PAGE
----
Considering now block 340, the builder creates the scheduling plan for controlling execution of the jobs according to their adjusted estimated duration; the plan is returned to the batch controller and then passed to the plan executor. The executor submits the plan at block 345, and controls running of each job according to its planned time of execution. The method then enters an idle loop at block 350, waiting for termination of a job execution. If the return code of the job specifies that an error has occurred, the method descends into block 355 (described in the following). Conversely, if the job has been executed correctly the method continues to block 360, wherein the feedback information of the job is returned to the plan executor.
The method then forks into two branches that are executed in parallel. A first branch consists of blocks 365-367, and a second branch consists of blocks 370-385; the two branches joint at block 355.
Considering now block 365, the plan executor calculates the actual duration AD of the job (actual end time minus actual start time), which is supplied to the estimation module. The estimation module revises the estimated duration accordingly at block 367; the revised estimated duration ED is then provided to the batch controller and stored in the workload database.
At the same time, at block 370, the feedback information is supplied to the learning module and logged into the model repository. The method checks at block 375 whether the prediction error for the job reaches a threshold value, for example 10%. If the prediction error is lower than the threshold value, the method continues to block 355 directly. Conversely, if the prediction error exceeds the threshold value (or it is equal thereto) the method checks at block 380 whether the operator has selected an incremental mode of operation. If so, the method continues to block 382 wherein the decision tree is revised in the incremental mode according to the feedback information of the job that has been just executed; conversely, the method proceeds to block 385, wherein the decision tree is rebuilt using the feedback information of all the completed instances of the job logged in the model repository. In both cases, the method then descends into block 355.
Considering now block 355, the batch controller checks whether a last job of the plan has been executed. If not, the method returns to block 350, waiting for termination of a further job. On the contrary, the method verifies at block 390 whether the scheduling program has been stopped. If not, the method return to block 310 for repeating the steps described above. Conversely, the method ends at the final block 395.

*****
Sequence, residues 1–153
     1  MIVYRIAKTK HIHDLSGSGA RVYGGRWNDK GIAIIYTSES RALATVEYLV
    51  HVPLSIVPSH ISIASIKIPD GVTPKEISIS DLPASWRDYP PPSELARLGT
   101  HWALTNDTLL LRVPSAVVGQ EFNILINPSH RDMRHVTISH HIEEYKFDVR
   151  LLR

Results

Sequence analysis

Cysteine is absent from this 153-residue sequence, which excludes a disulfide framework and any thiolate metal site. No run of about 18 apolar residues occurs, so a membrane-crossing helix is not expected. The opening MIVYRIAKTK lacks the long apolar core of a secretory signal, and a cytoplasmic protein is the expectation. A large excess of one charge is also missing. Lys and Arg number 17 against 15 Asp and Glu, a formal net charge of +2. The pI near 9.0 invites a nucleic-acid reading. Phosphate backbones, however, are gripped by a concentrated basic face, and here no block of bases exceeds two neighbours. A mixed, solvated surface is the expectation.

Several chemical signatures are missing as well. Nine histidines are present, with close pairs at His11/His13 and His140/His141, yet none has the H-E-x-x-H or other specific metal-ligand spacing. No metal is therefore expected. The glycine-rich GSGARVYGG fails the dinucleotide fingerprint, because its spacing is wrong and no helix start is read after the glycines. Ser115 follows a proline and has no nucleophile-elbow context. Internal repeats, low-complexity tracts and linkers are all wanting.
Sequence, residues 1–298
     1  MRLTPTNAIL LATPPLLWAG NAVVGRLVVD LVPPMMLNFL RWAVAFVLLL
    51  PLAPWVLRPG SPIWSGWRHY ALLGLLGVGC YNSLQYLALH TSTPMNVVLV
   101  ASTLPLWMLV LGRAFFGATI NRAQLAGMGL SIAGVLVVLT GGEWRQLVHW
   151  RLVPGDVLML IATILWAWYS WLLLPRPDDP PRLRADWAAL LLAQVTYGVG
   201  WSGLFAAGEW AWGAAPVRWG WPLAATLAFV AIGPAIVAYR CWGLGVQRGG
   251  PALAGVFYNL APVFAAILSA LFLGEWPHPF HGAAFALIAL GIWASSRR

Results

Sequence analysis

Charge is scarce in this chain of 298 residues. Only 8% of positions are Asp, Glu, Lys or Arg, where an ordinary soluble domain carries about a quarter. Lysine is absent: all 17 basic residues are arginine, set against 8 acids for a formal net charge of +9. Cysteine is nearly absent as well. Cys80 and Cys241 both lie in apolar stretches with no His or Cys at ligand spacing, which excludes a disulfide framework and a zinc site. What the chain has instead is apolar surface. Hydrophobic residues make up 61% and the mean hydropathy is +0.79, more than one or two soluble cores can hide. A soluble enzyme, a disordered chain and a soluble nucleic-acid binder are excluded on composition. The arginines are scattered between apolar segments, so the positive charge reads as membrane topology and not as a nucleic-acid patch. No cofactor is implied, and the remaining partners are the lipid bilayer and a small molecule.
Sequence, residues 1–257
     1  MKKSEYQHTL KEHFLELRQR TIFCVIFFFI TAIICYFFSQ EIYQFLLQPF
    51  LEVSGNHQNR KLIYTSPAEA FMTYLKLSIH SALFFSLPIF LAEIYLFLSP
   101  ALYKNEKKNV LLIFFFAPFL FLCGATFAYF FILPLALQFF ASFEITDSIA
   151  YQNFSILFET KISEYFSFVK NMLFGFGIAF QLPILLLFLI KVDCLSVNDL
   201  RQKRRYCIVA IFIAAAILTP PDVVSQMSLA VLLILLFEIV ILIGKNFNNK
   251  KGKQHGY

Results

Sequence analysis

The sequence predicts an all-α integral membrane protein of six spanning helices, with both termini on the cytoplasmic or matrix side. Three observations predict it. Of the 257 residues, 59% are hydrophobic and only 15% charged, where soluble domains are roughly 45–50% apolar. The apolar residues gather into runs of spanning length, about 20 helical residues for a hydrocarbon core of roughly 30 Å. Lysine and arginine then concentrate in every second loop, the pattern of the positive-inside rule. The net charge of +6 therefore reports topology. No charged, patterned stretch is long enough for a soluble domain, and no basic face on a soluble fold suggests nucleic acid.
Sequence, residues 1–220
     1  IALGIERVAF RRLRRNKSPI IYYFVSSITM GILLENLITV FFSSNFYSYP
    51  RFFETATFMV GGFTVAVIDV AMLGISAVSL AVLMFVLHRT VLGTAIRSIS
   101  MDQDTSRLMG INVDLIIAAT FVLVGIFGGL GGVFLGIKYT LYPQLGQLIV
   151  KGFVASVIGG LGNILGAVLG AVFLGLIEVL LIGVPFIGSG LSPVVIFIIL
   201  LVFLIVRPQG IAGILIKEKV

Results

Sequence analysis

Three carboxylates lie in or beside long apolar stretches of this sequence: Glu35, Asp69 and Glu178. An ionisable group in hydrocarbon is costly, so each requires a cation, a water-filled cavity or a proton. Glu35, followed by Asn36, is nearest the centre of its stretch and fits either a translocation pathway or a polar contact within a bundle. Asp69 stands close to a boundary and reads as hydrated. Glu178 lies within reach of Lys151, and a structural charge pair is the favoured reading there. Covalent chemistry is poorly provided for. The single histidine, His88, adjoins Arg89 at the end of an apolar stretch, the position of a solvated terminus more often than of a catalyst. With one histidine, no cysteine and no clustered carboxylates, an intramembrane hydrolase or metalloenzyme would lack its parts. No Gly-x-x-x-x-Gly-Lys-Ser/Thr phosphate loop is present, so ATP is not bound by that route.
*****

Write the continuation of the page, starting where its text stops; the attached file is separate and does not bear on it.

Likewise considerations apply if the program performs an equivalent method, for example with error routines, escape functions for stopping execution of the jobs, monitoring routines for tracking the jobs, and the like.
More generally, the present invention provides a method of scheduling execution of a plurality of activities. The method includes the steps of estimating a duration of a new instance of each activity to be scheduled as a function of a measured duration of completed instances of the activity executed previously, and adjusting the estimated duration according to the value of at least one attribute of the new instance of the activity.
The devised solution results in a very accurate prediction of the duration of a new instance of each job. This improves operation of the workload scheduler, which generates more reliable scheduling plans. As a consequence, any alarm raised by the workload scheduler always indicates an error condition, due to a job running significantly longer than its estimated duration. The system resources may also be used correctly by the workload manager for critical jobs that run longer than their estimated duration.
In fact, the inventors have discovered that the various instances of a same job are not always equal; conversely, the duration of the different instances may vary widely due to consistently repeatable factors. The method of the invention recognises the combination of circumstances that can alter the duration of each instance of the job; the estimated duration of a new instance the job is then adjusted taking into account some key information thereof.
The preferred embodiment of the invention described above offers further advantages. For example, the method inducts a pattern model that partitions the completed instances of each job into classes defining corresponding adjustment factors; a new instance of the job is assigned to the corresponding class applying the pattern model, and the estimated duration is corrected according to the adjustment factor of the assigned class. In this way, historical information is used to identify repeatable factors that alter the job duration; moreover, the performance of the algorithm may be improved through experience. Preferably, the pattern model is represented by a decision tree; this formalism is particular simple, and at the same time very accurate.
Similar considerations apply if the decision tree has a different structure (with one or more decision nodes and a plurality of leaf nodes), if the pattern model is inducted in a different manner, for example using training examples prepared by an expert, if a different procedure is used for adjusting the estimated duration, and the like. However, the method of the invention leads itself to be carried out even representing the pattern model with different formalisms (for example neural networks, polynomial or linear functions, Bayesian networks), if the adjusted estimated duration is not determined using a classification rule (for example it is calculated using a different target function of a generic learning algorithm), or even if the estimated duration is simply adjusted according to the value of one or more attributes of the new instance of the job (for example using a pre-set adjustment table).